Latest update: 4/7/2005; 2:20:49 PM
quidquidquid bene dictum est ab ullo, meum est ~ Seneca
~ This Day in Ancient History

ante diem viii kalendas februarias

  • Sementivae or Paganalia (day 1) -- Sementivae was a festival of sowing which was actually a moveable feast (although I'm not sure of the moveability criteria; I'm guessing that the first day falls between January 24 and 26). By Ovid's time it appears to have been coincident with Paganalia, which also obviously has some rural aspect to it. It appears to have been a two-day festival with an interval of seven days between (corrections on this welcome ... my sources seem muddled on this one)
  • 41 A.D. -- recognition of Claudius as emperor by the senate
  • 98 A.D. -- death of Nerva (?)

::Tuesday, January 25, 2005 5:35:30 AM::
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~ Classical Words of the Day

Today's selection:

coruscate @

lucid @ Merriam-Webster

narcokelptocracy @ OED (not specifically etymologized, but clearly with Classical antecedents) [note in passing: couldn't the word mean "those who rule by stealing sleep" ... i.e. your children?]

facundity @ Worthless Word for the Day

::Tuesday, January 25, 2005 5:31:17 AM::
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~ Nuntii Latini

Huygens in Titanem descendit (21.1.2005)

Modulus spatialis Huygens, quem percontatrum Cassini in spatium cosmicum portaverat, postridie Idus Ianuarias in Titanem appulsus est, quae maxima luna est Saturni.

Descendens magnam copiam photographematum in Terram misit, in quibus superficies Titanis lapidibus sparsus et alveis sulcatus conspicitur.

Alvei vestigia cursus lavae aut fluminum esse creduntur. Investigatores putant naturam Titanis talem fere esse, qualis Terra illo tempore fuerit, quo prima forma vitae apparuerit; Titanem esse in systemate solari unicum satellitem, divitem compositionibus organicis, qui atmosphaeram habeat.

Insunt in percontatro Cassini et in modulo Huygens etiam instrumenta Finnica.

Modulus Huygens, a Procuratione Spatiali Europaea (ESA) factus, nomen habet ex Christiano Huygens, astronomo Nederlandiensi, qui anno millesimo sescentesimo quinquagesimo quinto primus Saturni lunam Titanem animadvertit.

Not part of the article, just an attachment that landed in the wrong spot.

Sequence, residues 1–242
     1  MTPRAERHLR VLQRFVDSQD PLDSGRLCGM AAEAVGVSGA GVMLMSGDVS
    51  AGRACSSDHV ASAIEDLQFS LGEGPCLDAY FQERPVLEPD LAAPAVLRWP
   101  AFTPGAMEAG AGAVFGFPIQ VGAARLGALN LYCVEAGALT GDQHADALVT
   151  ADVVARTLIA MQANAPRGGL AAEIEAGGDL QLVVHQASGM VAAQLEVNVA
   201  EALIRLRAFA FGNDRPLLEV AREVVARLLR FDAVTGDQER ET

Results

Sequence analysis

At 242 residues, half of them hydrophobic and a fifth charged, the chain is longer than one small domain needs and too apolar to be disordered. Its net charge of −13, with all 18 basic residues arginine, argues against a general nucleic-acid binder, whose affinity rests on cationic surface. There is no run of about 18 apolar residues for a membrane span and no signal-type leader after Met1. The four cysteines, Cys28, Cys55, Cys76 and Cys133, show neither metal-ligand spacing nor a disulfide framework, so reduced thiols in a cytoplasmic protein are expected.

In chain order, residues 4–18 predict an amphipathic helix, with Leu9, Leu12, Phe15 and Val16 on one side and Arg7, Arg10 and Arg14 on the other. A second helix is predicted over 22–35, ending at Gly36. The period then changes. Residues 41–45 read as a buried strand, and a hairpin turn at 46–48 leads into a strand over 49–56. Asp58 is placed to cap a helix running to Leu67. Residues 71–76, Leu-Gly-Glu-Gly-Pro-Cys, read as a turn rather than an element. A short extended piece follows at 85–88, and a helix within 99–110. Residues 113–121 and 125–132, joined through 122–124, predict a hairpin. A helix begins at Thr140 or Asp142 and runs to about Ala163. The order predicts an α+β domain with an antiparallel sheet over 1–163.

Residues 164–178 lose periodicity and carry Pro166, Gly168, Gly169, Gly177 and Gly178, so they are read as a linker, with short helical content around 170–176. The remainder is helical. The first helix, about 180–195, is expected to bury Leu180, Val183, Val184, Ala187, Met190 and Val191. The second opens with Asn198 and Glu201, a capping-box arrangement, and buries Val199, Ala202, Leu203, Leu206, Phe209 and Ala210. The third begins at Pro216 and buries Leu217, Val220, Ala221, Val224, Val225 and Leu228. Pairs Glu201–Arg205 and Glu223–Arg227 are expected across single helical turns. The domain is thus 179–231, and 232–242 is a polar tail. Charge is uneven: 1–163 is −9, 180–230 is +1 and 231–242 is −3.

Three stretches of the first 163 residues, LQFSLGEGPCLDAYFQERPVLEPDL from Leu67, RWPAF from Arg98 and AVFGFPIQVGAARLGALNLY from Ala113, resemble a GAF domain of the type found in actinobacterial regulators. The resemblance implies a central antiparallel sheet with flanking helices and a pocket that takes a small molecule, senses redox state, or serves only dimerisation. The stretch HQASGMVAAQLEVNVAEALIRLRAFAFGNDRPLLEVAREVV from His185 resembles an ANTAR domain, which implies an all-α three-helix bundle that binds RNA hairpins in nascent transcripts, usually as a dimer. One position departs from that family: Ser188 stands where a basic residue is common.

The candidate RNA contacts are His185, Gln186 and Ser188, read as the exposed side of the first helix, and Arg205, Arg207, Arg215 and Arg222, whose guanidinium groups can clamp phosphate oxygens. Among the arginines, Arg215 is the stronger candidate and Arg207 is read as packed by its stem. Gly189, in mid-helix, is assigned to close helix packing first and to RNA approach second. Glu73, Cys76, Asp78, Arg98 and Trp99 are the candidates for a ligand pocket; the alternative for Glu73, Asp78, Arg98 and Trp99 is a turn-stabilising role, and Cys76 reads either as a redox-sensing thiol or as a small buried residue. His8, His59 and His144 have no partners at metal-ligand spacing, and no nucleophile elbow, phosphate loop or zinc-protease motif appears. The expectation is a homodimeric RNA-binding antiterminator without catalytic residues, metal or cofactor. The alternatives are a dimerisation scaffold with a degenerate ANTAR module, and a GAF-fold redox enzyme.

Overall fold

Aequalis eius fuit Iohannes Dominicus Cassini, astronomus Italicae originis, ex quo percontatrum Cassini appellatur.

Tuomo Pekkanen
Nuntii Latini, Finnish Broadcasting Company (YLE)
(used with permission)

::Tuesday, January 25, 2005 5:24:38 AM::
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~ Ancient Narrative Supplementum

There's a new supplementum preview (full articles) available at the Ancient Narrative site. Here are links to the individual articles (pdf) ... they're somewhat 'buried' at the AN site:

Michael Paschalis, Stavros Frangoulidis, "Introduction"

Helen Morales, "Metaphor, Gender and the Ancient Greek Novel"

Ken Dowden, "Greek novel and the ritual of life: an exercise in taxonomy"

Gareth Schmeling, "Callirhoe: God-like Beauty and the Making of a Celebrity"

Michael Paschalis, "The Narrator as Hunter: Longus, Virgil and Theocritus"

Ewen Bowie, "Metaphor in Daphnis and Chloe"

Tim Whitmarsh, "Heliodorus smiles"

Niall Slater, "And There's Another Country: Translation as Metaphor in Heliodorus"

Richard Hunter, "'Philip the Philosopher' on the Aithiopika of Heliodorus"

Judith Perkins, "Trimalchio: Naming Power"

Stephen Harrison, "'Waves of Emotion': An Epic Metaphor in Apuleius' Metamorphoses"

Luca Graverini, "Sweet and Dangerous?: A Literary Metaphor (aures permulcere) in Apuleius' Prologue"

Stavros Frangoulidis, "A Pivotal Metaphor in Apuleius' Metamorphoses: Aristomenes' and Lucius' Death and Rebirth"

Paula James, "Real and Metaphorical Mimicking Birds in the Metamorphoses of Apuleius"

Andrew Laird, "Metaphor and the riddle of representation in the Historia Apollonii regis Tyri"

Catherine Connors, "Metaphor and politics in John Barclay's Argenis (1621)"

... in case I've messed up a link, check out the AN page itself

::Tuesday, January 25, 2005 5:19:45 AM::
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~ Institute for Etruscan and Italic Studies Newsletters